A December 2015 report by the Pew Research Center reinforces Ms. Hirsi Ali’s point. Decisive if not overwhelming majorities of Muslims in most of the 39 countries surveyed wanted Sharia law—a fundamentalist legal code based on the Koran and other Islamic texts—to be the official law of the land in their countries. In Indonesia, home to the world’s largest Muslim population, 77 percent of Muslims said they want Sharia law imposed. In Pakistan the figure was 84 percent; in the Palestinian territories, 89 percent; in Iraq, 91 percent and in Afghanistan it reached 99 percent. The accepted line that Islamic fundamentalism and the embrace of violence are the result of grievance and alienation is worse than wishful thinking, Ms. Hirsi Ali says. It is “wrong, it is dangerous and it is suicidal,” she says, pointing to Great Britain to illustrate her argument. A poll conducted this month found that 88 percent of British Muslims believe Britain is a good place to live. The poll shed light on that same community’s adherence to values that Western politicians dismiss as aberrant. One-third of British Muslims refuse to condemn the stoning of women accused of adultery. Thirty-nine percent believe women should always obey their husbands. And almost a quarter believe Sharia law should replace British law in areas with large Muslim populations. An estimated 100,000 British Muslims express sympathy for suicide bombings and other terrorist attacks, and two-thirds say they would refuse to contact law enforcement if they believed someone close to them was collaborating with jihadists.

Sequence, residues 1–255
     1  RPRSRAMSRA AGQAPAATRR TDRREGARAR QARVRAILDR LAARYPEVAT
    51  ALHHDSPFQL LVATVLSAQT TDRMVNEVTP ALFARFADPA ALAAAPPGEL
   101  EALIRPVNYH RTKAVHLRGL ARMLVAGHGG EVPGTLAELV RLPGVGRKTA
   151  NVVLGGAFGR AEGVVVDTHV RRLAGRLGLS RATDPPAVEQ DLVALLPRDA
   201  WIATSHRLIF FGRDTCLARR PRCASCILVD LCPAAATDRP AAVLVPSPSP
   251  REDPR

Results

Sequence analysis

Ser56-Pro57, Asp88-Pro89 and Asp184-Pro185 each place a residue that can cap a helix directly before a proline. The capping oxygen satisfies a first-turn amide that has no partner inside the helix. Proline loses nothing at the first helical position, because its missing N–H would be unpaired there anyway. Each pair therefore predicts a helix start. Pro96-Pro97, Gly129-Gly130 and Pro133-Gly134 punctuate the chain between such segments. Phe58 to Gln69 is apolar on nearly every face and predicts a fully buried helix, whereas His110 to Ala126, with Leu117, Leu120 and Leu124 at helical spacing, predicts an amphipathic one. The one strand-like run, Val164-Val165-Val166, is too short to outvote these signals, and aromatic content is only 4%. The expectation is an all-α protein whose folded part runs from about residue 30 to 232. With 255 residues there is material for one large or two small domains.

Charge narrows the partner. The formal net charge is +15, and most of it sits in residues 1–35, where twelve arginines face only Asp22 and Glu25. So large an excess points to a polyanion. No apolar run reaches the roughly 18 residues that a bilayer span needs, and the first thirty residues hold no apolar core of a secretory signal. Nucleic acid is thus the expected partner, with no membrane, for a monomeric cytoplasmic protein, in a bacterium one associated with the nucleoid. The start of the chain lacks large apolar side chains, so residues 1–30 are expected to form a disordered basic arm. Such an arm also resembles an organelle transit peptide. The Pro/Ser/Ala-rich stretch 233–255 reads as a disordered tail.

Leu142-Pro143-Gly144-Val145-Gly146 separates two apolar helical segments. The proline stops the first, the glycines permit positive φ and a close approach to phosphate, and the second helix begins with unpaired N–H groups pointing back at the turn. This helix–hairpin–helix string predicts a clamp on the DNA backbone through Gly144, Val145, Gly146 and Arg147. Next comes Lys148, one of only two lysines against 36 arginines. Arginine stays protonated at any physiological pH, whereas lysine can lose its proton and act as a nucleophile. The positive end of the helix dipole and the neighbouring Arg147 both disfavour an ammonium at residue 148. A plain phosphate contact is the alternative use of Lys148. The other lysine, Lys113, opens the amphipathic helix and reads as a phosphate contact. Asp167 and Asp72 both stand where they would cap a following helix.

Whether out of political expediency or superficiality, Western politicians and commentators treat individuals like those responsible for the massacres in France, Belgium, California and across the Middle East and Africa as mere “pop-ups”—making it seem as though, as Ms. Hirsi Ali says, “a 21-year-old wakes up one day and decides to commit jihad.” She wryly refers to this as “Sudden Jihadi Syndrome.” Ms. Hirsi Ali views matters quite differently. “That’s not the way it works,” she says. “This is the product of indoctrination that goes on year after year. In North America and Europe [no less than elsewhere] they preach that jihad is obligatory. They may preach that there is a time and a place for jihad, but they preach it.”